Thursday, March 22, 2007

UniTube? or Let a Million Videomakers Bloom?

You knew it was only a matter of time. Variety reports that Universal is making music videos primarily for YouTube distribution
Film marketing has taken on a new face this week: music videos on YouTube.

A down-and-dirty music video featuring film footage was shot for Universal Pictures release "Dead Silence" and received more than 35,000 views. It's quite possible all the people who saw the video are the only people who went to see the film. ("Dead Silence" opened this past weekend grossing an estimated $7.7 million for the three-day frame, finishing at No. 4 overall.)

The video, shot for under $10,000, was cut to a song by post-hardcore band Aiden titled "We Sleep Forever." The band's label, Victory Records, pitched the song, and execs decided to use it, but not in the film. In fact, the song is nowhere in the film -- not even an end-title. Now, it's a value add on the soundtrack album, which also features the score of former Nine Inch Nails keyboardist Charlie Clouser. Additionally, the YouTube video will be added onto the DVD release of the film.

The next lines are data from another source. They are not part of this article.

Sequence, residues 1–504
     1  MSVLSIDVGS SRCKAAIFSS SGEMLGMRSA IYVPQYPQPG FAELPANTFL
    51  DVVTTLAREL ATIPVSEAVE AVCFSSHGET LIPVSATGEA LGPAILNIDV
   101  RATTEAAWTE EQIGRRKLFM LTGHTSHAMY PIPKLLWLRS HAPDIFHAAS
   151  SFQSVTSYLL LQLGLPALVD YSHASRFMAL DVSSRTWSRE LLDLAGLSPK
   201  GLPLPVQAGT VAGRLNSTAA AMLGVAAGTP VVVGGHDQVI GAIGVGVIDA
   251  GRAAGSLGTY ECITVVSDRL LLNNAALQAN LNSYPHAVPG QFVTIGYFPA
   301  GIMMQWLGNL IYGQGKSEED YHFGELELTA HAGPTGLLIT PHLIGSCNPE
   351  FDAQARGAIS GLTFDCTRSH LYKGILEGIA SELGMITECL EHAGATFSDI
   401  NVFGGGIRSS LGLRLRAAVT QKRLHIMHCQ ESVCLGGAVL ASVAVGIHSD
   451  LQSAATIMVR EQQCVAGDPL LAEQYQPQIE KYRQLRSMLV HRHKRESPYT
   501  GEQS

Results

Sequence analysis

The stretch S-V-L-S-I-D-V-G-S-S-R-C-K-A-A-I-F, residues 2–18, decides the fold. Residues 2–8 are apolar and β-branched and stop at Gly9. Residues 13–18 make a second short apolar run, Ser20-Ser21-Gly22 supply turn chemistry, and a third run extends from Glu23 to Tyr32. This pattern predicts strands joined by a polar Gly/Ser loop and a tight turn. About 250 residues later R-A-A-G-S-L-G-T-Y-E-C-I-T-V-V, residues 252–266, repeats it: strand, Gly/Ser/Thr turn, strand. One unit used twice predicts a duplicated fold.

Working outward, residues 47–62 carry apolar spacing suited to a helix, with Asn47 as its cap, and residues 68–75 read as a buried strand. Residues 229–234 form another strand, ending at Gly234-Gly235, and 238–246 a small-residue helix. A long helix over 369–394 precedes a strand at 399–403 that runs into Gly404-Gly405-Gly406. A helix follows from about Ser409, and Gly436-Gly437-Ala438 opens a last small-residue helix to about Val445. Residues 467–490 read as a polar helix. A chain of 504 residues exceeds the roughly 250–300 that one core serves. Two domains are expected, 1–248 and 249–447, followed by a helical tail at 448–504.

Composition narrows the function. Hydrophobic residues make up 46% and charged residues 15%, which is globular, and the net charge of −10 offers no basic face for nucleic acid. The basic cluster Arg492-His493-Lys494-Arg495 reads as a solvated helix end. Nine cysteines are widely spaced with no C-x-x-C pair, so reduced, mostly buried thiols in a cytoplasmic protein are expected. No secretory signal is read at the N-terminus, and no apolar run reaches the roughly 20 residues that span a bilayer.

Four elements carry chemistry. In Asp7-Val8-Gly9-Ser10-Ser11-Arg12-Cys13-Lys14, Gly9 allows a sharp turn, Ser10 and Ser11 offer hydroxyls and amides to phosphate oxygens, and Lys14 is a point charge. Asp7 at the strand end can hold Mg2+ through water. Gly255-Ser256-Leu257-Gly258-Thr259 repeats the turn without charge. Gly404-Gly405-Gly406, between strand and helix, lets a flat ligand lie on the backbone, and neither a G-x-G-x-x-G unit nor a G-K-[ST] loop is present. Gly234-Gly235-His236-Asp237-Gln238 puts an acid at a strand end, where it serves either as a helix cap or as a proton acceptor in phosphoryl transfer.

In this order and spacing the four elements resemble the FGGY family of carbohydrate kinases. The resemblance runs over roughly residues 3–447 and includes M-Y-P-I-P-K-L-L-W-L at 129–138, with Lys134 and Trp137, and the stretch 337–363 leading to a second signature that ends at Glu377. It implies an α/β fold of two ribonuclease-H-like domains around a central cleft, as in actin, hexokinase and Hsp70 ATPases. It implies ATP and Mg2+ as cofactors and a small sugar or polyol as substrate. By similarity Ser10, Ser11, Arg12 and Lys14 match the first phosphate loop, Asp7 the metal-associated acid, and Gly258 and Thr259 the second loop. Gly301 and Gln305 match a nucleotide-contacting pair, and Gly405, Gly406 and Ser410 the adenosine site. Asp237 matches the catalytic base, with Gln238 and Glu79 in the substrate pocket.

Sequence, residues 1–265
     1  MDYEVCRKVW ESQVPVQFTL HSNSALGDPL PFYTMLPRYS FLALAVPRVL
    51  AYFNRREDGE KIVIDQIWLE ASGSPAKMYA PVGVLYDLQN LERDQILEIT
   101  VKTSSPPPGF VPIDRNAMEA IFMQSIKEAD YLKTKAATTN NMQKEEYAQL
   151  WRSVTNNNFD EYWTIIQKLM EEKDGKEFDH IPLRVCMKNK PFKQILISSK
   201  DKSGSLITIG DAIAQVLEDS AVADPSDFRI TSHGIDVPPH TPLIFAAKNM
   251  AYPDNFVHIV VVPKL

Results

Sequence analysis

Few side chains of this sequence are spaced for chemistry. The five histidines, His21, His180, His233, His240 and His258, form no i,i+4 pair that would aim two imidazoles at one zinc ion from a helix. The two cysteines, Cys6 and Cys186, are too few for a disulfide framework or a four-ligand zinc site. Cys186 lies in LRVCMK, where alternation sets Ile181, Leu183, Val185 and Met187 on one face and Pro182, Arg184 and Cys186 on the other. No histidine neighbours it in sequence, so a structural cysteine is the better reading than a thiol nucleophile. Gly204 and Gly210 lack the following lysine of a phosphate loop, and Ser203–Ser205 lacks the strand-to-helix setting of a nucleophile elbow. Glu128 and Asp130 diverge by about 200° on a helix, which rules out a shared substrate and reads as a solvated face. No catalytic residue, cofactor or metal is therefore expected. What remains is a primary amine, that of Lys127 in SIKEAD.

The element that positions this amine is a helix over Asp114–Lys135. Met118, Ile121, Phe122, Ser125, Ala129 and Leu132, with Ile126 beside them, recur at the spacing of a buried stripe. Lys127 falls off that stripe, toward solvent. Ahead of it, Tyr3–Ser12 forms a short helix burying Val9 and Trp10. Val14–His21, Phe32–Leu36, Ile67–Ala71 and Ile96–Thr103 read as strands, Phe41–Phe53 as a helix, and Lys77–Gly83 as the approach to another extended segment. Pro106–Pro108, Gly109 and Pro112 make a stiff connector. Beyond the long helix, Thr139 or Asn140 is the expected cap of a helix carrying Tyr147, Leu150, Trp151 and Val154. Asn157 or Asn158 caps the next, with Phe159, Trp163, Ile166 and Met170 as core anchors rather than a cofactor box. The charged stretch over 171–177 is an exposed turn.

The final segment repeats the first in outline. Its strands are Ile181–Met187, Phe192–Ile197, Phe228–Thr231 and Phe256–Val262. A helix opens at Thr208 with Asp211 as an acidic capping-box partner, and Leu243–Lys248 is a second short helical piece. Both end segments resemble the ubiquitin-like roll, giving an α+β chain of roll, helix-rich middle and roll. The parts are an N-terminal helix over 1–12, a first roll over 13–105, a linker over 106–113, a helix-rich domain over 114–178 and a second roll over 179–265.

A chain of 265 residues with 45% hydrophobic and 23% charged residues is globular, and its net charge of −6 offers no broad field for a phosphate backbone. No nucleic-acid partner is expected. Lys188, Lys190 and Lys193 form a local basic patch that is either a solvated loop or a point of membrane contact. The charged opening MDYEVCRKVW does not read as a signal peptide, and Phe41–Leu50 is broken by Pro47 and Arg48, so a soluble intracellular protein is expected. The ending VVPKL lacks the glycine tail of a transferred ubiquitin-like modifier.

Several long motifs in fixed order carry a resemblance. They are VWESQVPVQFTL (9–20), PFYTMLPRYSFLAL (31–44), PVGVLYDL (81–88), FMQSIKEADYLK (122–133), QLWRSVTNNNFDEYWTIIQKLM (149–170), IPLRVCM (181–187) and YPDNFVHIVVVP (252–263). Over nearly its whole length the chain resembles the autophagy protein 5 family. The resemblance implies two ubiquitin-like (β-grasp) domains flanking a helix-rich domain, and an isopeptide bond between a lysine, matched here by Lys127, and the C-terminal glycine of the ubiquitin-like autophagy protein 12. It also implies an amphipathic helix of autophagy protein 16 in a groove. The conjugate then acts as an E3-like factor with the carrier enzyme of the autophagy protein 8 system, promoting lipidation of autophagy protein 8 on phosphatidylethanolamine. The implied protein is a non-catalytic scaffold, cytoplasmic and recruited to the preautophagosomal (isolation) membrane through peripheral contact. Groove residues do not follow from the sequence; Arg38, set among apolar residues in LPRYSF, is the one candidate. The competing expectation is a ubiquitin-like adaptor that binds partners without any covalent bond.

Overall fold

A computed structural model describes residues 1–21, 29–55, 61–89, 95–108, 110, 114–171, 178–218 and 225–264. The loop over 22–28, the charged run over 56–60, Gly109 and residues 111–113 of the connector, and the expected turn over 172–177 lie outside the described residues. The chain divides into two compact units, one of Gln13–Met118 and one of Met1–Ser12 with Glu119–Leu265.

Kathy Nelson, president of film music for Universal Pictures, says this type of guerilla marketing is a vehicle to promote film releases online. In fact, Nelson is using this approach on the companion to the highly anticipated comedy "Knocked Up" (brought to us by Judd Apatow, co-writer/director of "The 40-Year-Old Virgin”) and she's choosing small label partners versus major powerhouses. The "Dead Silence" soundtrack is being release on Lakeshore Records, and "Knocked Up" by Concord Records.

"Lakeshore and Concord are being much more aggressive about how to market online," Nelson says. "It's all about iTunes and YouTube and cyberspace."
For me it is the economics that is the lesson and, perhaps, OK GO is to blame. Those videos are entertaining and, well, cheap. In a day where TV videos start in the millions rather than the thousands and hardly get any airplay, this is, in a way, a good sign for many low budget videomakers. In other words, have an idea, you may be able to get it funded as media companies will be more than happy to part with thousands rather than millions.

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